A Unique Shakespearience
Stephanie DePrez | Friday, September 10, 2010
Five Actors from the London Stage graced the stage in Washington Hall Wednesday and presented a show all their own. Without a director, costumer or choreographer, these actors epitomize the raw relationship between the writer and the stage.
Armed with nothing but the immortal words of Shakespeare, the actors work out, in their own fashion, how to put on a show. Then they travel to universities throughout the United States to educate the communities about the Bard.
When they rambled up to the stage on opening night of “A Midsummer Night’s Dream” Wednesday, they brought energy. Since there is minimal costuming and props, it is the slight modifications in character — a thrusted hip, a pouty lip — that indicate who an actor is playing at a given moment. The ease with which they oscillate between personas is something to be admired, even when one player is on for two characters at once. These moments are particularly amusing, because suddenly we are forced to accept the ridiculous pose of an actor having a conversation with himself (and talking to the glasses he just took off).
The selection of this semester’s play is fortunate for us, an audience that is most often comprised of students having their first Shakespearience.
“Everyone knows ‘Midsummer,'” said Devon Black, who plays Helena (among others) in the show. “It seems to be the first Shakespeare play everyone sees.”
The show has been chosen years in advance to give universities a chance to plan for it in their curriculum, and it is our good fortune that Midsummer is coming through now.
“It’s a great story to start with,” Black said. “It’s the original love story. Love triangles, fairies, danger and passion!”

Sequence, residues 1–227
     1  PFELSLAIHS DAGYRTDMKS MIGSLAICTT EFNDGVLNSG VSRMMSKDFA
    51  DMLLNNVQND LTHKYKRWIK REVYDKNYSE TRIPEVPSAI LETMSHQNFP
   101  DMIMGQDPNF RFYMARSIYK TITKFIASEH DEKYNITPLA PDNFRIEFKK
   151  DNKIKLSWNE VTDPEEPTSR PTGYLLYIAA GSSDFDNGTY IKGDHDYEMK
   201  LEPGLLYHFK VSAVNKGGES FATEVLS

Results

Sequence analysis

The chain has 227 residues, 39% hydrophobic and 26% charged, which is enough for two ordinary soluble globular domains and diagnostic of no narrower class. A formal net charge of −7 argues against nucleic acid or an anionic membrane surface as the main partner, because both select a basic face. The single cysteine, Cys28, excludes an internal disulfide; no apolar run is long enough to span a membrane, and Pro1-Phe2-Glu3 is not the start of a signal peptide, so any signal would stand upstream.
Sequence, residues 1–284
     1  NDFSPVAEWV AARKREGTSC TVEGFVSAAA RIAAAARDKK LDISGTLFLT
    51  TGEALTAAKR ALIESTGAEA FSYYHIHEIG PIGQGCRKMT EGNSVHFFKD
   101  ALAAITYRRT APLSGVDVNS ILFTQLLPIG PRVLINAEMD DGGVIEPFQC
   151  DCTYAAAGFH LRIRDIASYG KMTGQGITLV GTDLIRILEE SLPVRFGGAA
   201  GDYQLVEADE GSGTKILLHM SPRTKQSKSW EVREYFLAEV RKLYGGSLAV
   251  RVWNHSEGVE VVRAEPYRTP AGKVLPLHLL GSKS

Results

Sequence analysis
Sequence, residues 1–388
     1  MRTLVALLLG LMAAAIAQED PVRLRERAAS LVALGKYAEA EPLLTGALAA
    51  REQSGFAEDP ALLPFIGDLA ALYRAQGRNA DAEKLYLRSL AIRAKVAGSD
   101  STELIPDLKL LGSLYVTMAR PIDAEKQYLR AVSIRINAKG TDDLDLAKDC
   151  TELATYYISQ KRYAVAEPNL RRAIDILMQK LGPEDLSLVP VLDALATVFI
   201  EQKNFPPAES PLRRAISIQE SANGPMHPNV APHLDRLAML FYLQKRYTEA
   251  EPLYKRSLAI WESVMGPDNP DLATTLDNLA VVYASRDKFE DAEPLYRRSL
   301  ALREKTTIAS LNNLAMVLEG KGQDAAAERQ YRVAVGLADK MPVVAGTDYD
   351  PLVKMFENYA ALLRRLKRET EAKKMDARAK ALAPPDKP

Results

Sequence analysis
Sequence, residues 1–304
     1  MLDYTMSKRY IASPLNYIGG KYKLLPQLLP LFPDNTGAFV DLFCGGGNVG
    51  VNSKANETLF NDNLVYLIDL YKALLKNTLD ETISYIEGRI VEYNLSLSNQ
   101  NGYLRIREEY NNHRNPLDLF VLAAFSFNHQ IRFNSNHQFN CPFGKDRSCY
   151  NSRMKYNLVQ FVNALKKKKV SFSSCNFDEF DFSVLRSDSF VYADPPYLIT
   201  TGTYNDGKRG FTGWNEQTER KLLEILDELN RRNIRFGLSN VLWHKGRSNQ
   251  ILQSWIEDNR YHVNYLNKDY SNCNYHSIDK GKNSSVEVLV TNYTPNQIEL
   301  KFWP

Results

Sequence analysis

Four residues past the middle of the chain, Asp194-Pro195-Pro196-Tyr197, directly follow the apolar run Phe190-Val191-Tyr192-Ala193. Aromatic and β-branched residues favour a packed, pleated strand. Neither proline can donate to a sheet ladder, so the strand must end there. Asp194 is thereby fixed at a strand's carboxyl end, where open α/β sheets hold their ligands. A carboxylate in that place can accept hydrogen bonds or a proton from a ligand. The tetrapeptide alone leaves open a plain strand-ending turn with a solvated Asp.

It is with passion that these actors approach the show. The clear favorite of this troupe is its comedy, specifically the comedy of the mechanicals, the peasants within the show who decide to put on a play of their own, and its star Bottom, who ends up getting mixed into all the fairy business after being turned into a donkey.
Within these scenes the actors excel, and are unafraid to push the envelope that will have you laughing out of shock and embarrassment as much as devilish wit (which makes one realize just how clever Shakespeare’s words really are).
There are moments in the show when it seems as though we have come upon an extended actor’s game, or moments that linger a bit too long, but such moments are nearly forgotten when the next moment of comedy comes up. What’s to be admired about this troupe is that, since the actors own their actions, they relish them. The misfortune of a scene requiring six players is embraced, and turned into a prime opportunity for a vaudevillian display of physical comedy.
“We had all sorts of discussions,” Black said about how to present the show. “Midsummer has bestiality, first passions, and everything about it is raunchy.”
The show is a faithful display of all that Shakespeare revels in — physical action, visual tricks and clever interpretation. The best part, though, is the shear joy with which the actors approach the show. They alone make the show, and they rise to the occasion. Truly Bardiful.